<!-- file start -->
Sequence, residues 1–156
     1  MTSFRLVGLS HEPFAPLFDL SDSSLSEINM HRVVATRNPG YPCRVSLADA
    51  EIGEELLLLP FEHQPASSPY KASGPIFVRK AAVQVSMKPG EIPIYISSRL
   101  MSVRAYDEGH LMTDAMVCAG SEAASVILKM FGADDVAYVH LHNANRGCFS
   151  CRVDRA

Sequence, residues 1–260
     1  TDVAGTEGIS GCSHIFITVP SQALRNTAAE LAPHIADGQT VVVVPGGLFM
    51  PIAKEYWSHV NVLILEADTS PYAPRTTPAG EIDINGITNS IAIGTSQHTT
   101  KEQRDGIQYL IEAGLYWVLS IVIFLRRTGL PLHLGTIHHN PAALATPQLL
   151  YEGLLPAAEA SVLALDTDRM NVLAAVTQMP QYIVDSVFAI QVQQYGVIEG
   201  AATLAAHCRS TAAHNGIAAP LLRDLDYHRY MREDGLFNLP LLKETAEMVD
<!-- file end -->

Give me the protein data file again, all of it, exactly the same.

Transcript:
Sequence, residues 1–156
     1  MTSFRLVGLS HEPFAPLFDL SDSSLSEINM HRVVATRNPG YPCRVSLADA
    51  EIGEELLLLP FEHQPASSPY KASGPIFVRK AAVQVSMKPG EIPIYISSRL
   101  MSVRAYDEGH LMTDAMVCAG SEAASVILKM FGADDVAYVH LHNANRGCFS
   151  CRVDRA

Sequence, residues 1–260
     1  TDVAGTEGIS GCSHIFITVP SQALRNTAAE LAPHIADGQT VVVVPGGLFM
    51  PIAKEYWSHV NVLILEADTS PYAPRTTPAG EIDINGITNS IAIGTSQHTT
   101  KEQRDGIQYL IEAGLYWVLS IVIFLRRTGL PLHLGTIHHN PAALATPQLL
   151  YEGLLPAAEA SVLALDTDRM NVLAAVTQMP QYIVDSVFAI QVQQYGVIEG
   201  AATLAAHCRS TAAHNGIAAP LLRDLDYHRY MREDGLFNLP LLKETAEMVD